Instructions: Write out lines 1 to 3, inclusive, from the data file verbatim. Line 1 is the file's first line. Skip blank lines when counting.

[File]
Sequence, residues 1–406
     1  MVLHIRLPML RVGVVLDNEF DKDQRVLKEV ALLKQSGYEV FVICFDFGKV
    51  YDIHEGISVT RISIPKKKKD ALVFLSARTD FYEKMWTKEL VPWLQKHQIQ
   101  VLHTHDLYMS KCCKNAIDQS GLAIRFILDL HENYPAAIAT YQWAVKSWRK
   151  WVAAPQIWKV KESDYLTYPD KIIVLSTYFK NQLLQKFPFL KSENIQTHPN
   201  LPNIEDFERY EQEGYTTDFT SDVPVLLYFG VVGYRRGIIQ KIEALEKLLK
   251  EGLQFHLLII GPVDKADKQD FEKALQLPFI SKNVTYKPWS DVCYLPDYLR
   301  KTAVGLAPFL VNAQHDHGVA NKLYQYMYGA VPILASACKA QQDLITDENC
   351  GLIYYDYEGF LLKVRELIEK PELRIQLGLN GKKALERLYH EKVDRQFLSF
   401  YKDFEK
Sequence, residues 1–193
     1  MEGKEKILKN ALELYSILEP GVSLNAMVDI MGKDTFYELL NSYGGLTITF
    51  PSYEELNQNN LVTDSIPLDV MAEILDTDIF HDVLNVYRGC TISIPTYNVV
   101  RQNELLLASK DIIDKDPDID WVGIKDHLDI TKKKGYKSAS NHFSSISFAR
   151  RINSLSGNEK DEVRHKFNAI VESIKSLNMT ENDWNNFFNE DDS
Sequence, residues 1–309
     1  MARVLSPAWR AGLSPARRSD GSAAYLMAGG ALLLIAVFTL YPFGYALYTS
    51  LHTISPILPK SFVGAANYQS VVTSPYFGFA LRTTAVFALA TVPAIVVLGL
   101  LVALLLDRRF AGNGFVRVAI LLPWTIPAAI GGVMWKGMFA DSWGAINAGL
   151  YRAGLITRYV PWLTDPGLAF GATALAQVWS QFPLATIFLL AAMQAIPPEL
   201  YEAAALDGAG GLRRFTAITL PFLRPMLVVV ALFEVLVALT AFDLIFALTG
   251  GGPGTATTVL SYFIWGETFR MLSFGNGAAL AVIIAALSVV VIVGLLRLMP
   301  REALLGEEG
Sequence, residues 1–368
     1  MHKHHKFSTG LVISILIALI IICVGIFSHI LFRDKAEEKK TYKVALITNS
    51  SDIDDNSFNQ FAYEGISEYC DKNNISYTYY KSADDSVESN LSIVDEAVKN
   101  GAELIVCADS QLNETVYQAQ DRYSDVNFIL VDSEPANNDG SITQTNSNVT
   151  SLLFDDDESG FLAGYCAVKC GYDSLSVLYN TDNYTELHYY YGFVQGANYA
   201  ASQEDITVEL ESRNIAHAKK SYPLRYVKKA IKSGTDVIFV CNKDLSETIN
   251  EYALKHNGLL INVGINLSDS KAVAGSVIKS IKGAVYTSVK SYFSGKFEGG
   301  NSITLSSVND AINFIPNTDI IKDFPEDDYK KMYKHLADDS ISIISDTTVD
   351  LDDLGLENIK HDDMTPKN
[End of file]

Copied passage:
Sequence, residues 1–406
     1  MVLHIRLPML RVGVVLDNEF DKDQRVLKEV ALLKQSGYEV FVICFDFGKV
    51  YDIHEGISVT RISIPKKKKD ALVFLSARTD FYEKMWTKEL VPWLQKHQIQ